Vespa home

Vespa forum

Vespa Blog

Photos out & about

Famous Vespa riders

Vespa in the papers

Readers Vespas


Vespa downloads


Vespa Guestbook

Scooter rally dates

Club events & rideouts

Gig & Soul dates

Scootering Gig reviews

CD & Music reviews

Scooter directory




Gigs & Band Reviews


Madness and The Stranglers, Peel, Isle of Man, June 2007

After the normal b*ll*cks of 'security' at the fence (smuggled in a 24 pack of Tennants in my mate's wheelchair thingy) once in the tent the atmosphere was truly electric, local bands were warming the crowd up to fever pitch with some pretty good attempts at ska and reggae classics, good enough to get the bar busy, even at £3.50 a pint of luke warm p*sh. Considering there were 40,000+ bikers on the island for the TT a lot must have brought Fezes with them because the arena was awash with pork pie hats and Tommy Cooper impressionists. Crowd estimate was at 7000 by about 8 pm and, in a 10,000 capacity tent, it seemed more.

The Stranglers started with a raucous Five Minutes which segwayed effortlessly into Get A Grip On Yourself, always good for a sing song and a bit of a dance. The powerful set was continued with classics from the 80s including Nice 'n' Sleazy, Always the Sun and the great crowd pleaser Peaches with a nice twist when the question of a worse place to be was answered with "on an island with 40,000 f**king greasers" by JJ Burnel, to much applause. The men in black ended their encore with a storming rendition of Hangin' Around and the brilliant No More Heroes.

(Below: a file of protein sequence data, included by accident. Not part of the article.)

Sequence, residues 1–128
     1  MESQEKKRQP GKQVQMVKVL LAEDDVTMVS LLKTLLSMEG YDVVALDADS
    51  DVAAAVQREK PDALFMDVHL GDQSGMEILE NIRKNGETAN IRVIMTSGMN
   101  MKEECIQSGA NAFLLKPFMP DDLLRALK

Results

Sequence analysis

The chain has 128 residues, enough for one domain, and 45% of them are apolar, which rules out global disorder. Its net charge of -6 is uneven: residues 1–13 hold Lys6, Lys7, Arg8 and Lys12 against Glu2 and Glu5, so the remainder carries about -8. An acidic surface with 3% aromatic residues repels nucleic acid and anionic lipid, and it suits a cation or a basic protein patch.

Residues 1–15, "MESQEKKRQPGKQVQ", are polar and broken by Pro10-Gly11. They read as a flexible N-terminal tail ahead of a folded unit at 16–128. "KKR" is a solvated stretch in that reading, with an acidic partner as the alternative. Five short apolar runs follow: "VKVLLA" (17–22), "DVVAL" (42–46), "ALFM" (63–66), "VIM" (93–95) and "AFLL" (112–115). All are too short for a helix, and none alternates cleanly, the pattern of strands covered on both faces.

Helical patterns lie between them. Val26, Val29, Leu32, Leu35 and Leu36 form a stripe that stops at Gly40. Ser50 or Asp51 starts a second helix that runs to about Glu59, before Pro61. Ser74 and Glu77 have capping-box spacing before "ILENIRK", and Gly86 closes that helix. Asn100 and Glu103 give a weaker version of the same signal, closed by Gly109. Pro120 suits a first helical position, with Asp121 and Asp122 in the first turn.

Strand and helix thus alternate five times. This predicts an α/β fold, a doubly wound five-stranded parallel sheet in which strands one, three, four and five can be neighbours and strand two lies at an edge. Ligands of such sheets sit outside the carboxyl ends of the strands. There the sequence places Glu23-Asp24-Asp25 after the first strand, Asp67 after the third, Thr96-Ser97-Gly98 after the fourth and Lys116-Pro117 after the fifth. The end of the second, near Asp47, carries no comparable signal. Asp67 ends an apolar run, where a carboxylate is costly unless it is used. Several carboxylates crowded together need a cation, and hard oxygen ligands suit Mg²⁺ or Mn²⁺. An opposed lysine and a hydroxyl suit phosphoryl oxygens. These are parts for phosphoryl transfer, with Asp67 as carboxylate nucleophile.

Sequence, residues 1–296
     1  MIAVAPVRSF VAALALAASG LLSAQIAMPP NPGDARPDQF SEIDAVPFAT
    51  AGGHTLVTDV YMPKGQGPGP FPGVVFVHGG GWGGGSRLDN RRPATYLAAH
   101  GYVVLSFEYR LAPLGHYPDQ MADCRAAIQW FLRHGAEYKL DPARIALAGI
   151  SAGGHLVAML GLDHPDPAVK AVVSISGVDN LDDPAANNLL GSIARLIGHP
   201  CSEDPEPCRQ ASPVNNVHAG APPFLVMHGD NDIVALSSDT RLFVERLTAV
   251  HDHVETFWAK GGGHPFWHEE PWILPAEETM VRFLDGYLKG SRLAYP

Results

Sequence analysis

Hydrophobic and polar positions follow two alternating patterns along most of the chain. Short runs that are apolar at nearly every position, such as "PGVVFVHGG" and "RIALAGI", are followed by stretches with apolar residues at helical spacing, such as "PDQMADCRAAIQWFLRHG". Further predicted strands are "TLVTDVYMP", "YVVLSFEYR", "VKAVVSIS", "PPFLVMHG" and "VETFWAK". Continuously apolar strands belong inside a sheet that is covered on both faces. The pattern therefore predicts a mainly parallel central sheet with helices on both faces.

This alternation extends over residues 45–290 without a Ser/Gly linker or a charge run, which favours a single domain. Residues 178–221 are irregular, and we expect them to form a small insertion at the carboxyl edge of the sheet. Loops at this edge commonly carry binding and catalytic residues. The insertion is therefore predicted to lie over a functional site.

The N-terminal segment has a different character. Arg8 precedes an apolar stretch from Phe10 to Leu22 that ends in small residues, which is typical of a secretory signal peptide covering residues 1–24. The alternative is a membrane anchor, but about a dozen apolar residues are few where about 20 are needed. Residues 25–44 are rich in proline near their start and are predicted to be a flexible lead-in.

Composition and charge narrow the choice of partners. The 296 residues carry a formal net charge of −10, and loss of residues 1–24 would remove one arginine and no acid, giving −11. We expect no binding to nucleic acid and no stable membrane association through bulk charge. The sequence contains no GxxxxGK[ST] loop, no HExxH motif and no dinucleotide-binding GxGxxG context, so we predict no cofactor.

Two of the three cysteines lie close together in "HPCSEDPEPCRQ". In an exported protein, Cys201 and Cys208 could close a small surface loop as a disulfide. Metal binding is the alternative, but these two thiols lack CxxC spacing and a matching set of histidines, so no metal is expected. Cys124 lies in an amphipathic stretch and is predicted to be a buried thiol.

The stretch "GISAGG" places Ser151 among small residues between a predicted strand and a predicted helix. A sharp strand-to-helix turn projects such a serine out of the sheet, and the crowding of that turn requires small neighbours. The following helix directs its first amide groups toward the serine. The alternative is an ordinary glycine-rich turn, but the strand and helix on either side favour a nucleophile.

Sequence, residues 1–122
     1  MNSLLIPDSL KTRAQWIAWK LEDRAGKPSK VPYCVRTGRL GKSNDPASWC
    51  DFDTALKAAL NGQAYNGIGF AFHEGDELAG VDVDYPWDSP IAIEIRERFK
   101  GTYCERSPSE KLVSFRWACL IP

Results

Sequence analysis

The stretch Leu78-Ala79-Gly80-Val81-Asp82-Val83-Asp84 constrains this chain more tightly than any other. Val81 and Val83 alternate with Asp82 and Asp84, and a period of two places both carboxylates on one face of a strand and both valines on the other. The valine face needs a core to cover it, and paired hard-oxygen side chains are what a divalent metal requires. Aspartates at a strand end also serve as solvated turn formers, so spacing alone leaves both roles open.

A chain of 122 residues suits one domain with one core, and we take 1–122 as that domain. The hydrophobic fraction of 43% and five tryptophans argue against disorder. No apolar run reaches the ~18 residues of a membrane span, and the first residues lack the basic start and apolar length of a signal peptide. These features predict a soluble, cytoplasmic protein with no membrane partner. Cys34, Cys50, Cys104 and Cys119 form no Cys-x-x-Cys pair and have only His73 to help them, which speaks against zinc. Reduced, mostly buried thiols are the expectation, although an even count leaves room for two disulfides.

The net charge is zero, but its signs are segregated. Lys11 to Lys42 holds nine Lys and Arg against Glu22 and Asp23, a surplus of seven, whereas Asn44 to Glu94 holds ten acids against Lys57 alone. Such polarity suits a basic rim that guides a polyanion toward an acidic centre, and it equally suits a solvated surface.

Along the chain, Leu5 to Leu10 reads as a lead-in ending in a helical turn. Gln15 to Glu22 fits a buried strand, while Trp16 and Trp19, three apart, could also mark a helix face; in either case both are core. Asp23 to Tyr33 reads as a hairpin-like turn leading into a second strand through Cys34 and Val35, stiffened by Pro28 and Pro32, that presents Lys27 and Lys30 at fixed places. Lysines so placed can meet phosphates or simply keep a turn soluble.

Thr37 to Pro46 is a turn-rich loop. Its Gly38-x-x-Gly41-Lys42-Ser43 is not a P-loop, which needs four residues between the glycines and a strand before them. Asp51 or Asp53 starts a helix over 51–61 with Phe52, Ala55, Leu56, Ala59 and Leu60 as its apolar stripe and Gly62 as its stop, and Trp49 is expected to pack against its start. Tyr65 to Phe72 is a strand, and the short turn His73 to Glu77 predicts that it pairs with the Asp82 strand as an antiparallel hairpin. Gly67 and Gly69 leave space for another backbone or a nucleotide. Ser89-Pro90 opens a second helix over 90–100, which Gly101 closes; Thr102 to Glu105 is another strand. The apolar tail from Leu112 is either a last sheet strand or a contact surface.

After the shortest of breaks the lights dimmed, a spotlight went to the centre stage to highlight some fool climbing the scaffold; but wait - he's holding a saxaphone and playing the thing!!! MADNESS ARRIVED. A puff of smoke and a blast of alto sax and we were off on a whirlwind of noise, from the opening shots of 'One Step Beyond'. I say shots because we were attacked from all sides with noise.

As they launched into 2000 decibels of House of Fun the marquee erupted into a sea of nutty boys and girls stomping to the rock steady beat. Hit after hit was hurled at us from their position on the high ground; Wings of a Dove, Embarrassment, My Girl, Tomorrow's Just Another Day and It must be love to end the first salvo from the masters of arena rock steady and a final full frontal attack by Lee Thompson on his weapon of choice, the sax, we were spent.